One of the key parts of clinical rotations is that you get a good awareness of the different specialties. And since you work directly with the residents, you get a quick snapshot into the different responsibilities of what residency will be like. Here on OB/GYN, residents and attendings have to commit to at least some night shifts (residents at our institution spend 3 months of the year on night call), meaning they work from 5pm-6:30 am during the week. And we as med students spend a week with the night team.
The night shift is very unpredictable. Dartmouth additionally being a rural yet Level 1 Trauma Center, you never know what you’re going to get. One night, we had no cases–we sat by the monitors and kept our minds busy by studying or practicing our sutures. Other nights, we were never able to sit down, as cases were coming in left and right. One night, we started with a C-section within 5 minutes of walking through the door at 5 pm, and following a few more ED cases and another labor, I finally got to sit down around 5:15 am. It was intense.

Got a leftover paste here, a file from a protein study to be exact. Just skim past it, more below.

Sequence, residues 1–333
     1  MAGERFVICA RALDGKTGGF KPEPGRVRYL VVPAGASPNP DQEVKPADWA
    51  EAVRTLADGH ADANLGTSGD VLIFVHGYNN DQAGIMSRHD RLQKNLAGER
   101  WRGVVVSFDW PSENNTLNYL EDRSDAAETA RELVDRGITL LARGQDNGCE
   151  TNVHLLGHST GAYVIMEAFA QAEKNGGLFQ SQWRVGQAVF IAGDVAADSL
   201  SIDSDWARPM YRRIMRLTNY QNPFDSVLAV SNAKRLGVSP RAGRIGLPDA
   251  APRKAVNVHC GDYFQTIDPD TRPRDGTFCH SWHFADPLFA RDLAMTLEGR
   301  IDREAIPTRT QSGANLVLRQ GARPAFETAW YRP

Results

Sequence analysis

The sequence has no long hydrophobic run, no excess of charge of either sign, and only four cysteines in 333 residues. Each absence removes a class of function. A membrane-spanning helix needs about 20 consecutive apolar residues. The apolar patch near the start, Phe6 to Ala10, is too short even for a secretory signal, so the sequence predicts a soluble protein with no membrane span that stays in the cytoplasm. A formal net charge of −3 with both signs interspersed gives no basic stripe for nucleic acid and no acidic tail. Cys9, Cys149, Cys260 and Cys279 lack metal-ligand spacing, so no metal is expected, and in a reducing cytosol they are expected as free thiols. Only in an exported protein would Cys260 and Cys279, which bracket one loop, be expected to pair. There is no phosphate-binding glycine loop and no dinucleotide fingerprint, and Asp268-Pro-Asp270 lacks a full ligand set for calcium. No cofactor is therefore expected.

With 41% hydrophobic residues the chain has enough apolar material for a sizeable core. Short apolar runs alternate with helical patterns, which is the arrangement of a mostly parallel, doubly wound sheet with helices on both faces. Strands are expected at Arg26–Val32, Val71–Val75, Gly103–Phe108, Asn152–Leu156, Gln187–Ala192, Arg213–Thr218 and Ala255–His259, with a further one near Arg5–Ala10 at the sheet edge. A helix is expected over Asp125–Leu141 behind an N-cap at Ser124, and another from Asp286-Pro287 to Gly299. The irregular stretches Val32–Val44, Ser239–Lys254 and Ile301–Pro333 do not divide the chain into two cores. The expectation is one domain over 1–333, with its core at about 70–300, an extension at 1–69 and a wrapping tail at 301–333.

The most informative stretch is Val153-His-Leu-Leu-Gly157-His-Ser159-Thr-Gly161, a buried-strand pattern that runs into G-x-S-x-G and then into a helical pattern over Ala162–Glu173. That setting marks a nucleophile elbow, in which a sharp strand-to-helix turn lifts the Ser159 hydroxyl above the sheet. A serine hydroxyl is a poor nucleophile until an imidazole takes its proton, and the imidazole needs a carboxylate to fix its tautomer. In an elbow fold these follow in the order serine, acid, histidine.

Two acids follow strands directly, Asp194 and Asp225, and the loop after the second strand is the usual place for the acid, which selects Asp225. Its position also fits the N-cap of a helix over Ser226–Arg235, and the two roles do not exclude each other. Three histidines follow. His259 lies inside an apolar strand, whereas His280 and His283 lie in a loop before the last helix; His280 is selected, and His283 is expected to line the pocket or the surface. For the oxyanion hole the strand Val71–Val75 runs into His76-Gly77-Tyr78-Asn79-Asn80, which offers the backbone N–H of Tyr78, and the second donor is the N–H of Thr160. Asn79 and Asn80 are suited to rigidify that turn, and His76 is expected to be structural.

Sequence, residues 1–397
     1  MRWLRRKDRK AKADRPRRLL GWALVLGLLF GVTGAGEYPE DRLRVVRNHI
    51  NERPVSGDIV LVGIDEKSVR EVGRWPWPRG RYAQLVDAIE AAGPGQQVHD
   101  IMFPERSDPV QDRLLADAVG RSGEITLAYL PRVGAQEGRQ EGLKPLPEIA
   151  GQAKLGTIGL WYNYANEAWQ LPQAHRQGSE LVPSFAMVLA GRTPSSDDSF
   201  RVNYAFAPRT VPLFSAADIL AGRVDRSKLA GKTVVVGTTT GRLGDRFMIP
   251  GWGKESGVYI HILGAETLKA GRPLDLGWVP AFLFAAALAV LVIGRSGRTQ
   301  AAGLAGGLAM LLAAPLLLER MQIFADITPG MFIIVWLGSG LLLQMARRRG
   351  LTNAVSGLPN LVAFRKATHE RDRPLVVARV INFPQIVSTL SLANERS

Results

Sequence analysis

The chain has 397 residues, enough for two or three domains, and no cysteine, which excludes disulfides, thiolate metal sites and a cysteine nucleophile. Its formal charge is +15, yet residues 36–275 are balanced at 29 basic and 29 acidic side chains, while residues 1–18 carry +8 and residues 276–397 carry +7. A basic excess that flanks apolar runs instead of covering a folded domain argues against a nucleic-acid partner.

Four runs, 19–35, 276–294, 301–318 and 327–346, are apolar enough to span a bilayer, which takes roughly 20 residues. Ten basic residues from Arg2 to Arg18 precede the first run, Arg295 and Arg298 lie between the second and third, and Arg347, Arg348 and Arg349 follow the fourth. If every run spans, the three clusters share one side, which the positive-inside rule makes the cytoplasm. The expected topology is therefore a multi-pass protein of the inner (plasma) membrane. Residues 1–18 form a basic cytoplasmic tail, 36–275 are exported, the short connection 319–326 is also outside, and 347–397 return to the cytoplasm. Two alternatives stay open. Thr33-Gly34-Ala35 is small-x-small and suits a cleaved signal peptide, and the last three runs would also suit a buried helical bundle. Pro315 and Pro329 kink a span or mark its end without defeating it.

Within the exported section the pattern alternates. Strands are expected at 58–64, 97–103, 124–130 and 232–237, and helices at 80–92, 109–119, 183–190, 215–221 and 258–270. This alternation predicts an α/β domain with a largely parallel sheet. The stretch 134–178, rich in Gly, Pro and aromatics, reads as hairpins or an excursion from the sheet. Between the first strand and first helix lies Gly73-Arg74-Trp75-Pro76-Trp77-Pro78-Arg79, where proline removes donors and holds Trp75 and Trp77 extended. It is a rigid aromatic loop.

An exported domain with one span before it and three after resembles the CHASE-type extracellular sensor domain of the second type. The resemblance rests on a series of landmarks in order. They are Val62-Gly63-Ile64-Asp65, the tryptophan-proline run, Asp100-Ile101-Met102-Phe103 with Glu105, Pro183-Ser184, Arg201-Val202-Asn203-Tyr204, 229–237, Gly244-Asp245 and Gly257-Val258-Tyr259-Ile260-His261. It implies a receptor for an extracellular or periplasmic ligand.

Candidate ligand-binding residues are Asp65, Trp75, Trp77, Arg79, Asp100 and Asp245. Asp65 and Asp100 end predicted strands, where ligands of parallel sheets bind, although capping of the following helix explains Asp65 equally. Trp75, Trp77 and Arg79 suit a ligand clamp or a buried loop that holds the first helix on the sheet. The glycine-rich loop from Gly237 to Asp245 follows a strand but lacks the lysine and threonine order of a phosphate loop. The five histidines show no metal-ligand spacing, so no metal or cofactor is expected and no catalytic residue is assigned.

The first night transitioning to a night service really affected my sleep schedule. Even with no sleep the first day, it was still challenging to try to sleep during the day when the sun was out. But by mid-week, I became accustomed to the routine, and now I imagine it will be challenging to return to a day shift schedule.
UCLA put out a website for anyone who works the night shift and identifies strategies. Some of it seems commonsense–like nap before your shift, eat well, and perform proper sleep hygiene. Easier said than done, however.
They say that nothing good happens after midnight, but I’d have to disagree. Some of my favorite interactions with patients–whether it’s a new delivery, a 3:30 am surgery or a patient rushing into the hospital because she’s having shortened contractions–have been during the night shift. It seems like there are more opportunities to focus strictly on the medicine of healthcare, which has been refreshing.
Any other students or professionals have experiences working the night shift? Perhaps in more urban areas?